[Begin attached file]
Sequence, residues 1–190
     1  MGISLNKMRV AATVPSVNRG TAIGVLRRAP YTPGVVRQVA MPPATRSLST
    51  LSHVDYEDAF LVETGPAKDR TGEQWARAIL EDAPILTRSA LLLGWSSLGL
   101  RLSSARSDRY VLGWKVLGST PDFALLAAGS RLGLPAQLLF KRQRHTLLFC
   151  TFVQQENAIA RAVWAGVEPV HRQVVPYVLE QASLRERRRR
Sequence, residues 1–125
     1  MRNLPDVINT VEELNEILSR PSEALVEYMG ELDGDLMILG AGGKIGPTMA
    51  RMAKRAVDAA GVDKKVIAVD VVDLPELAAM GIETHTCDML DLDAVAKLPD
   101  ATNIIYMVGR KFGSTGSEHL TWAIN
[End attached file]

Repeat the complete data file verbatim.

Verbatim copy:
Sequence, residues 1–190
     1  MGISLNKMRV AATVPSVNRG TAIGVLRRAP YTPGVVRQVA MPPATRSLST
    51  LSHVDYEDAF LVETGPAKDR TGEQWARAIL EDAPILTRSA LLLGWSSLGL
   101  RLSSARSDRY VLGWKVLGST PDFALLAAGS RLGLPAQLLF KRQRHTLLFC
   151  TFVQQENAIA RAVWAGVEPV HRQVVPYVLE QASLRERRRR
Sequence, residues 1–125
     1  MRNLPDVINT VEELNEILSR PSEALVEYMG ELDGDLMILG AGGKIGPTMA
    51  RMAKRAVDAA GVDKKVIAVD VVDLPELAAM GIETHTCDML DLDAVAKLPD
   101  ATNIIYMVGR KFGSTGSEHL TWAIN